It was the beginning of the new century and our client, a self-service, He asked us for arts for every holiday in which people could spend money: children’s day, mothers, fathers, national holidays, summer, Christmas, kings, among many others.
Each art involved natural wear and tear like any design work: generation of a large number of proposals, once chosen, any number of changes, between “upload the font,” try different colors and “this looks like what the competition did last year”.
We had a new client who asked us for a more developed art for a summer campaign. My ideas were totally stagnant, it was difficult to materialize any concept that was distant, even a little, from those I was doing for my self-service client. The frustration was total. Nor has nothing to do with a creative lockwhere ideas just don’t flow, toHere, the topic was the difficulty to change lanes and start designing for a new path.
I realized that I was suceddoing the same to other clients. Not only of advertising design, but editorials, of corporate identity. Like song of Belanova, all my proposals were the same, if anything different, but insufficient to feel that I was deceiving myself.
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It was then that my wife made a wise suggestion: “Go back to school.” This little sentence became a powerful revitalizing, which alone made me feel that there was a way out of this misery of no poder designing outside of myself. The idea fit perfectly with a master of editorial design —My great passion— and that a new cycle was about to begin. I attended the interviews, I went to study, I met many very interesting people: teachers and colleagues who unknowingly became therapists several days a week.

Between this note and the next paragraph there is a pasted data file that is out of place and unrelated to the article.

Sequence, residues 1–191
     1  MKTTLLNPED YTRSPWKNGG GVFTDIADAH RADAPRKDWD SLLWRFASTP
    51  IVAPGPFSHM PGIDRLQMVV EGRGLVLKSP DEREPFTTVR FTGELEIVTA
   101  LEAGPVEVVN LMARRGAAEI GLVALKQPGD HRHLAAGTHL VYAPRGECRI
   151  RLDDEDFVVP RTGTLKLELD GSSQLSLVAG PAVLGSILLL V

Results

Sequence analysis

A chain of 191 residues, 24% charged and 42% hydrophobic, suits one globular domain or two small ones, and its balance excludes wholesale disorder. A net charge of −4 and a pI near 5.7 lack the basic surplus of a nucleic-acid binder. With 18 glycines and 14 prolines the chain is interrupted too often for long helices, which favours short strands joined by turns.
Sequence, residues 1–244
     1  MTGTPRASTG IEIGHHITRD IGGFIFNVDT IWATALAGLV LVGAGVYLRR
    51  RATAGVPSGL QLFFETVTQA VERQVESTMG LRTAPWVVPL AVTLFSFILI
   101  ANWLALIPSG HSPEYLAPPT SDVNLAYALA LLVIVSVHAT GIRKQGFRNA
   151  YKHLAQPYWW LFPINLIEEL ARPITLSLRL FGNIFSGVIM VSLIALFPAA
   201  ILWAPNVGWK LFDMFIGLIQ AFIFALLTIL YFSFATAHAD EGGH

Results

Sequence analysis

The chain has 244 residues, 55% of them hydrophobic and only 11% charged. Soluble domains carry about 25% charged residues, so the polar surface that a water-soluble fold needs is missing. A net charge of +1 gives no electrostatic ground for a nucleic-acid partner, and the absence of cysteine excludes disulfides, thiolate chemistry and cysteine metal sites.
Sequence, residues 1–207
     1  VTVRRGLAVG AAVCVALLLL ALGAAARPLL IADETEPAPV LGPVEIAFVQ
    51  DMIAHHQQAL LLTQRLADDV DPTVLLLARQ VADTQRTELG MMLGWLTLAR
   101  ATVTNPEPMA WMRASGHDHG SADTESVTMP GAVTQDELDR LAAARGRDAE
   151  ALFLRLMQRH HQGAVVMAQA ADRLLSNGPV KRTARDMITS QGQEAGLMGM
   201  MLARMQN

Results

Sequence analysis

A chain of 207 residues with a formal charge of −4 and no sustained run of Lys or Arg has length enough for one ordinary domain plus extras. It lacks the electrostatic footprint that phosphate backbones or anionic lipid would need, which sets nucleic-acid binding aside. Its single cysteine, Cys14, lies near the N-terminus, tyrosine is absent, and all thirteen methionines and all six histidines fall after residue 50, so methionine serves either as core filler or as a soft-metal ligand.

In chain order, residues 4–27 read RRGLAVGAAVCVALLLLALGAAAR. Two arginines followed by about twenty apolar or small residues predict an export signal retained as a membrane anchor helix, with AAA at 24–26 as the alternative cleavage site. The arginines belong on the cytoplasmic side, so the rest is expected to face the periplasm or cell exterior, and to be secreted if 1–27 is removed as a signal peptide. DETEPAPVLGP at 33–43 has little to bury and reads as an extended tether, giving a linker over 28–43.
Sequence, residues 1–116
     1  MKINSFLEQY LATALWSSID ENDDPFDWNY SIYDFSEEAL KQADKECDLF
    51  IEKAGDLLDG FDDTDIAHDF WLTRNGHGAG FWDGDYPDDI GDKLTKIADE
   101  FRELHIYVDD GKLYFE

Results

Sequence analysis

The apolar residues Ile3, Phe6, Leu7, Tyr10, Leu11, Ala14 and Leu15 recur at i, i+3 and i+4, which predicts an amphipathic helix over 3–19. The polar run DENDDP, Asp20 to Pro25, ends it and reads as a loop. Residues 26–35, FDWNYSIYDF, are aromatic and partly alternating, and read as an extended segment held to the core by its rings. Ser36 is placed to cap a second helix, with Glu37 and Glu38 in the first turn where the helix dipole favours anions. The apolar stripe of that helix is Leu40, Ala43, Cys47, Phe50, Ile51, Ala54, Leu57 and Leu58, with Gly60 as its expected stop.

My design was unlockedMy style flourished again and as a recent graduate who sees his first semester work I felt ashamed, troubled for not having been able to show this new me in that logo that is still in force, in all the advertisements for Christmas where I could not think of something other than Christmas trees, garlands and colored lights. Welcome to the new me, recharged, with much more knowledge, foundation and new perspectives that were there before, but could not see.
It wasn’t so much about a designer’s rebirth as a phoenix. I managed to see the change before it was too late and the public noticed my mediocrity. What I found was an effective method against this creative deadlock that comes to visit me from time to time. I became a fan of museums, I resumed my fondness for the photo, typography and attending conferences and courses, with them I manage to fight stagnation every time you want to look out. Seeing someone else’s work makes me question, I rate myself wondering if I could do better.
What I really learned from this experience is to turn elsewhere, not to be afraid to reinvenTake me every time I feel stuck. If you become your most implacable judge, then you will be required at levels that you did not know, although sometimes you need to return to therapy, to your basic principles to realize how much you have evolved as a professional, comor designer.